Please Do Not Disturb


When I check into a hotel alone, I have a personal policy that I hang the “Do not disturb” door hanger on my door immediately for three primary reasons, each of which fits the category of personal protection.

First, you will laugh, it helps me remember which room I am in. They all look the same. I could just try my key card in every door that might be mine, but other occupants frown on this practice. I usually stay in Hampton Inns for familiarity and peace of mind. I stay enough nights on the road a year, it is convenient to know the predictable layout of a room. This is especially helpful if I have to get up in the middle of the night. But familiarity also brings similarity—and for room number that is not so good. I pretty well walk right to my door with the sign posted.

Second, I do not want anyone on the hotel staff to be tempted to take my electronics, laptop, iPad etc. I have friends whose laptops or other items went missing from their rooms, and the only possibility is hotel personnel (from full service, nice hotels). With my policy, theft becomes a non-issue. No one enters my room at any time.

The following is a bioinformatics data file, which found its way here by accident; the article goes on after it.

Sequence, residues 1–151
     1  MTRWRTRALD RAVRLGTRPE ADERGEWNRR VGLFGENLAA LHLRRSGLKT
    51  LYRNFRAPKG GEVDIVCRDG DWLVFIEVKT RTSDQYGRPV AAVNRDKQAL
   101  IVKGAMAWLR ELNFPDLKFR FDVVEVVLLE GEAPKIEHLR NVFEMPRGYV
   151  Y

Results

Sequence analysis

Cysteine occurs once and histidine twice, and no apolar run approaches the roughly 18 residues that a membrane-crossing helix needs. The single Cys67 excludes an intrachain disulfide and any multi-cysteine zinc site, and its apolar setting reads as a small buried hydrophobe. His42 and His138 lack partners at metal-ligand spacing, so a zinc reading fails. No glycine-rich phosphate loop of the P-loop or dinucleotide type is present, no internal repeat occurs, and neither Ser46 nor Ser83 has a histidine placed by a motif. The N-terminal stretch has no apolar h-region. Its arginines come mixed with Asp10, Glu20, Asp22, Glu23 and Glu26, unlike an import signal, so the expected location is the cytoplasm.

Third, I do not ever want to find myself where I am in an awkward situation of walking in and finding a female worker cleaning my room, even if the door is open. This prevents any hint of moral turpitude.

I know what you are saying, “What about making the bed or getting clean towels?” Easy, I pull my own covers back up—I do it at home (most of the time). For towels, most hotels put four in a room. If you travel by yourself, four towels gets you through two nights even if you work out and need two extra. When I stay longer than two nights, I either ask the maid in the hallway exchanging my dirty towels for clean ones or go to the front desk and do the same.

So hang a “Do not Disturb Sign” and prevent worries and accusations.





Ron Hunter

Ron Hunter

Ron Hunter Jr. is the Executive Director & CEO of Randall House the publisher of D6 Curriculum and serves as the D6 Conference Director. He regularly speaks at various conferences and consults for ministry and business organizations. Ron has written numerous articles for various Christian magazines and coauthored Toy Box Leadership. He is married to his college sweetheart, Pamela, and they have two kids in college: Michael and Lauren.
Ron Hunter

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